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Master of plaster

The dusty rooms of a crumbling Istanbul palazzo are a living museum of the plaster-caster’s art. Berrin Torolsan visits the heir to a fine tradition. Photographs by Fritz von der Schulnburg

  • A hundred years' worth of casts are laid out like jigsaw pieces on the floor of the Palace of St Eugène in Beyoğlu's Tophane district. These are Kemal Cimbiz's working archive, now used for new buildings as well as restoration

One of the oldest cities in the world, Istanbul is a labyrinth and a battleground of architectural styles, Genoese, Byzantine, Ottoman, Levantine and pre- and post-war European buildings jostle for attention. One narrow side street meanders into another or suddenly stops dead in a cul-de-sac full of architectural surprises heaped one on top of the other.

This cornucopian quality is at its most intense on the left back of the Golden Horn. Above the tall, glass-faced office buildings lining the quayside still stands the medieval Genoese tower, built in 1267. Radiating from it are streets lined with tall, fin-de-siecle townhouses of wealthy Greek, Jewish and Armenian merchants. Next to the remains of the old Italian colony’s city walls, is a massive Moorish mosque, built in the 1300s, with a most unusual tower as its minaret. It has been restored many times, most recently in 1913, when a street fountain was added in purest Art Nouveau…

The world’s first metro, the Tünel, climbs the steep hill from the quayside to Pera. In the 18th and 19th centuries European ministers built their embassies here on both sides of a long, narrow avenue, the Grand’ Rue de Pera, alongside their churches and cathedrals, Art Nouveau apartment blocks and theatres and cinemas. Later came Art Deco shopping arcades.

Next to the Tünel station, the cypress trees of a 15th-century Mevlevi dervish convent mask the bell tower of Christ Church, the Crimean memorial church, built in rustic Gothic style by George Street, architect of the Law Courts in London.

A steep lane drops behind this little corner of England to the district of Tophane, the Ottoman Arsenal. In Boğazkesen, a street leading down past Tom Tom Kaptan and the residence of the Italian ambassador, you will find a certain arched doorway. It gives nothing away. Push it open and step onto a terrace. On one side is a wilderness that must once have been a formal garden, now dominated by a giant wisteria and home to dogs and chickens. On the other is the dilapidated façade of the neo-Renaissance palazzo known as St Eugène.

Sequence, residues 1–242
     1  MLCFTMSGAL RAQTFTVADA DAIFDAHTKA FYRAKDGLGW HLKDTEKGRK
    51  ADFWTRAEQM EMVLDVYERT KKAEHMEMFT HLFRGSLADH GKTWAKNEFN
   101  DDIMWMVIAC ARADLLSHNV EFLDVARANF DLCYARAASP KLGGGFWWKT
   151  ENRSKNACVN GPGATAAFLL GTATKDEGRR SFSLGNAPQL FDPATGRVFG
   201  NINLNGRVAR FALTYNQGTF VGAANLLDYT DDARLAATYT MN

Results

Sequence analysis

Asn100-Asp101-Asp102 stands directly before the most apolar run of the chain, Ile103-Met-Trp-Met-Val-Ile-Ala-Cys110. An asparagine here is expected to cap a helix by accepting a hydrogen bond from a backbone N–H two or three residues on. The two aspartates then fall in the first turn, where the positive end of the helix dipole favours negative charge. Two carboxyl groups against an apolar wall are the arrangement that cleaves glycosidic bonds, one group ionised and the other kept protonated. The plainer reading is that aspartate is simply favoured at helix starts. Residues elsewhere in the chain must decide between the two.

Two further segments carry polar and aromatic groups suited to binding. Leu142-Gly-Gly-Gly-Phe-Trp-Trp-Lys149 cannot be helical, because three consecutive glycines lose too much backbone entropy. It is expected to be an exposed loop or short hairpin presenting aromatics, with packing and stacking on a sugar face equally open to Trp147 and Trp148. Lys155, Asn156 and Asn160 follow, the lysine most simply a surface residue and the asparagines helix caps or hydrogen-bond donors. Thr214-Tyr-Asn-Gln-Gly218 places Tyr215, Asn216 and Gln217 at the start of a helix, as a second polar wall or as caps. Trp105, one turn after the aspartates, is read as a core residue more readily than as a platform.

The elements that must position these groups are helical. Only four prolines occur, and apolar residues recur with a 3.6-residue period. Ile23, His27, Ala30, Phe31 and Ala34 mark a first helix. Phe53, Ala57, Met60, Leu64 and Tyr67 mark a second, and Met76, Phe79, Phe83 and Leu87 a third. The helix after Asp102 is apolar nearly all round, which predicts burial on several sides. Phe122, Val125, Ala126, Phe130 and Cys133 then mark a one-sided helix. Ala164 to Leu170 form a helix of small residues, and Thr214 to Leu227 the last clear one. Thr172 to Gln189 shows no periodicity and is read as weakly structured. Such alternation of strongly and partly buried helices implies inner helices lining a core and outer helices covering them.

Built on land granted by the Sultan to the French Soeurs de la Charité, St Eugène served as an orphanage from 1868 until 1937. Today it remains under French protection and houses the workshop of İbrahim Kemal Çimbiz.

Kemal Cimbiz is a plaster-caster. He is 60 now but clearly remembers the day when his father, a modest shopkeeper in Tophane, first brought him here to learn a craft. As Turkish custom goes, when a boy is given over to be an apprentice, the parents tell the master, ‘His flesh is yours, the bones are ours’, indicating that the master has full authority over the novice and is responsible for his education and good behaviour. Kemal’s master was a kindly Armenian plaster-caster by the name of Garabet Cezarliyan, whose family had been responsible for setting alight the blaze of styles on Istanbul’s façades.

He spoke four languages and was a patient man. ‘Forget about beating,’ Kemal Cimbiz says. ‘He never said a cross word.’

Kemal was skilled and obedient and proved quick to learn. He became like a son to Cezarliyan and worked with him until the end of his life. When his master died in 1982, Kemal inherited the workshop and himself became a master of decorative sculpture…

To read the full article, purchase Issue 23

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Issue 23, 2001 Haute Ottoman
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Buy the issue
Issue 23, 2001 Haute Ottoman
£8.00 / $10.39 / 343.95 TL
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